SEC Chairman proposes to lock cryptocurrency into the securities system
Updated: Aug 17, 2021
SEC Chairman, Gary Gensler has entered into the ongoing public debate regarding whether crypto-investors need more protections. Similarly to CFTC Commissioner Dan Berkovitz, who urged that "unlicensed decentralized finance (DeFi) markets may be illegal", Gensler agrees that there should be additional regulation of cryptocurrencies.
Gensler calls for better regulation of the crypto 'Wild West’
During an interview at the Virtual Aspen Security Forum, Gensler called on Congress to grant the SEC more authority to police cryptocurrency trading, outlining his concerns for the crypto sector, stating that in certain applications:
This asset class is ripe with fraud, scams and abuses" and "If we don't address the issues, a lot of people will get hurt
It's unfortunate that this narrative continues to be spread, as Chainalysis' Crypto Crime report provides sound data that rejects such myths.
Speaking in his personal capacity and not on behalf of the SEC body, Gensler also publicised his belief that most cryptocurrencies are securities and therefore, already under the purview of the SEC, saying :
We need additional congressional authorities to prevent transactions, products and platforms from falling between regulatory cracks
Cryptocurrencies are so variant in nature that we don't agree with such a broad brush statement, and we note if indeed digital currencies were all securities, this comment invites the question of what further authority would the SEC need that it does not have at present?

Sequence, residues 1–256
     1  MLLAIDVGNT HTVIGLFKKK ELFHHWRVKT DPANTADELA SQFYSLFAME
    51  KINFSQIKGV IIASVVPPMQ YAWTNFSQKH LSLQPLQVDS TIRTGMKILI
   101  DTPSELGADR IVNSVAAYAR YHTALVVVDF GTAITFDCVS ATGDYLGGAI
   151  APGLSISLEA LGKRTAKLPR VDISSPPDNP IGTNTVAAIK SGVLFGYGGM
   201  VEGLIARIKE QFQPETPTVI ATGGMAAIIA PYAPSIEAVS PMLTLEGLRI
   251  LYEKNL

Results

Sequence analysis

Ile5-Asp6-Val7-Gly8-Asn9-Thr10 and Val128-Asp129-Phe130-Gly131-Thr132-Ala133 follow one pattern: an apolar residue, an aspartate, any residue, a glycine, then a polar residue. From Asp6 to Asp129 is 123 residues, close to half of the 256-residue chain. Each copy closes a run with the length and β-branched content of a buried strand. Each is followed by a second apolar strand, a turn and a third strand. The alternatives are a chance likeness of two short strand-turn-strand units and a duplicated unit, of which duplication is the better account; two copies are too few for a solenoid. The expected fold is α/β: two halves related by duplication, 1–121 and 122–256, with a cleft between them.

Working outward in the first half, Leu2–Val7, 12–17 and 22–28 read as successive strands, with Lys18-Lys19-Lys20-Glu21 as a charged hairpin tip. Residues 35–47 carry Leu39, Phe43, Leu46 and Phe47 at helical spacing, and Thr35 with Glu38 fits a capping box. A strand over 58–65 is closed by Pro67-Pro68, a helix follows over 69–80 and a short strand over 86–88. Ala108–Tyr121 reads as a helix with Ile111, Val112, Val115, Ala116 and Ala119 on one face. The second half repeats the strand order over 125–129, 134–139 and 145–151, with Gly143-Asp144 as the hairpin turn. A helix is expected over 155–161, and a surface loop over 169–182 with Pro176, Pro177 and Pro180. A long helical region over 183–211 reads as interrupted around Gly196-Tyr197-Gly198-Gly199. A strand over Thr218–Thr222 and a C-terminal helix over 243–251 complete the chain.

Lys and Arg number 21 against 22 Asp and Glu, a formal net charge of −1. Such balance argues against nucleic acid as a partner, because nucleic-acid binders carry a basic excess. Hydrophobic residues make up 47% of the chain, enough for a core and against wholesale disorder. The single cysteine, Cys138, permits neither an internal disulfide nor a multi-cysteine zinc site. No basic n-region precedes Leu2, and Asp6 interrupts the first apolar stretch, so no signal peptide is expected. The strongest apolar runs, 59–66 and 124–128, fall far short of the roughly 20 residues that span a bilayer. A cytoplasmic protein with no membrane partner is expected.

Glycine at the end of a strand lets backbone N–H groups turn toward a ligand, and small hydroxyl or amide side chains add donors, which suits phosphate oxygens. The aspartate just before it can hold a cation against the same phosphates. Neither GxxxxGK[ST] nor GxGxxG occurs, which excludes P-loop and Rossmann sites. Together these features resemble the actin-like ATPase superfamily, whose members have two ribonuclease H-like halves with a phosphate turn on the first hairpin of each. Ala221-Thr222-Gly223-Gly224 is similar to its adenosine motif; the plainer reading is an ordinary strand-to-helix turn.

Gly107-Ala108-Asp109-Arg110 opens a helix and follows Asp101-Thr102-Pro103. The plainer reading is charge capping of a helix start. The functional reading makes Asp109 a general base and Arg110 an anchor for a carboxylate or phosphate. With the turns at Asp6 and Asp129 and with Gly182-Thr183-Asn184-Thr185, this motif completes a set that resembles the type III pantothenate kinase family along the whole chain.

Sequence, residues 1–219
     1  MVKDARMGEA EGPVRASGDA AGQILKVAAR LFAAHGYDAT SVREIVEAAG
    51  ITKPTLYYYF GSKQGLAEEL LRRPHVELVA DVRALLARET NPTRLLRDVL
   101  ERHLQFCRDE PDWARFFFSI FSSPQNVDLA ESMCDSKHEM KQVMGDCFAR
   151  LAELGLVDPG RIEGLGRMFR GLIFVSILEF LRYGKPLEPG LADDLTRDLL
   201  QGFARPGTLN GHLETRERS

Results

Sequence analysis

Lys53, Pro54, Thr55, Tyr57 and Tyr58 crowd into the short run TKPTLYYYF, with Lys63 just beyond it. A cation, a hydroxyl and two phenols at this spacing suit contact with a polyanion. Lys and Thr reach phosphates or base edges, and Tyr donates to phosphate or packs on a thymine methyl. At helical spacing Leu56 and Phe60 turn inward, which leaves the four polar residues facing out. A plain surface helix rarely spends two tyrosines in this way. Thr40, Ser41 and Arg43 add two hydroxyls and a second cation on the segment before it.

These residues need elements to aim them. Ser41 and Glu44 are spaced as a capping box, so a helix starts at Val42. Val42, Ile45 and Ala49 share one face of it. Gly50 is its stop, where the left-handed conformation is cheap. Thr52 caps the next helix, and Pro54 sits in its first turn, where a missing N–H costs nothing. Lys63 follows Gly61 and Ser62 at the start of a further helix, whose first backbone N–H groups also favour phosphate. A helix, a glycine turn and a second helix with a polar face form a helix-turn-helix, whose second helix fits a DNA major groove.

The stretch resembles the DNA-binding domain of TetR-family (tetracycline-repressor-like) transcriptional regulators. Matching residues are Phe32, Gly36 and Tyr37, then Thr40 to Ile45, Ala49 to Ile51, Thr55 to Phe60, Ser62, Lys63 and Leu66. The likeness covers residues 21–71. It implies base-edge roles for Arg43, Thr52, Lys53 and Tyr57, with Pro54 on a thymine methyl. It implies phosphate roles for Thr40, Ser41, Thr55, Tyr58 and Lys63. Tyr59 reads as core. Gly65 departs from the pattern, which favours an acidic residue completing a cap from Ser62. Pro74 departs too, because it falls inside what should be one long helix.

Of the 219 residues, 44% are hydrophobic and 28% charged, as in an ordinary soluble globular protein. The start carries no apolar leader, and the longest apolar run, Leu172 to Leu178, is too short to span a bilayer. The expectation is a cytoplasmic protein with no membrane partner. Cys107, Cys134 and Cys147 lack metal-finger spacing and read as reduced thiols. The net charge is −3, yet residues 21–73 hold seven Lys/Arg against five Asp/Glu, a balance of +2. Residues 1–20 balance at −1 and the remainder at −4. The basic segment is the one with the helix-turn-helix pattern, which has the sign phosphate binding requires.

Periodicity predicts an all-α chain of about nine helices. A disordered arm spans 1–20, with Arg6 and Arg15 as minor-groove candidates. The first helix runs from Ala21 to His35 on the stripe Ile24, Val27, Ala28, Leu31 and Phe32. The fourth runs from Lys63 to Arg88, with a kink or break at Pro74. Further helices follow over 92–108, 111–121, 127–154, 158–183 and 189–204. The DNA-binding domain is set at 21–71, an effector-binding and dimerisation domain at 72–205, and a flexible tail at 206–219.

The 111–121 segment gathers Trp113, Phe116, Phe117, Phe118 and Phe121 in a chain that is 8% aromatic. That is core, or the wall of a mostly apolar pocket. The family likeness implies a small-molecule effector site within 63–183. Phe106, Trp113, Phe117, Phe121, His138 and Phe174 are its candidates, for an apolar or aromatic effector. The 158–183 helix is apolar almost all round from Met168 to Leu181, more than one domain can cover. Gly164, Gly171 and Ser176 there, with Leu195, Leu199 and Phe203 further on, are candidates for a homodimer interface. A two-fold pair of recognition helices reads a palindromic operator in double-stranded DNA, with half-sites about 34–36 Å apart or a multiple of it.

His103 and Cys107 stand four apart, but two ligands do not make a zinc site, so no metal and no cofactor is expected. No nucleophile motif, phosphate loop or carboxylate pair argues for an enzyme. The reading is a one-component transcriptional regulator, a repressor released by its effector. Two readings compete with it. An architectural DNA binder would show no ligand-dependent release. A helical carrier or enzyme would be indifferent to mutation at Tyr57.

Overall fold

Nevertheless, Gensler holds the strong position that most crypto investors are not educated enough to judge and understand the risks of investing in crypto assets, a remarkable position which disregards the individual choices of digital currency purchasers. Gensler said:
we just don't have enough investor protection. And frankly at this time, it's more like the Wild West.
This makes little sense in light of a string of SEC prosecutions and existing laws against misleading and deceptive practices. Gensler's call for an increase in regulation, without any details of same or any basis for showing existing laws are inadequate to address problems, is strange and we respectfully submit show a lack of understanding in the digital currency market. His recent comments may even come as a surprise for those familiar with Gensler's background as an MIT professor who taught on digital currencies and blockchain.
There is no doubt that fit for purpose regulation could address concerns, particularly in relation to products which hold customers assets, via custody requirements, but as we note above, it is already against the law to mislead or deceive purchasers of products (whether securities or not) and it is not usually the role of regulators to seek to restrict what assets purchasers can access.
As has been seen with the recent blow-back to digital currency definitions in the US Infrastructure Bill, careful and measured steps towards digital currency regulation is important, lest changes chase away the very innovation that government says it is trying to encourage.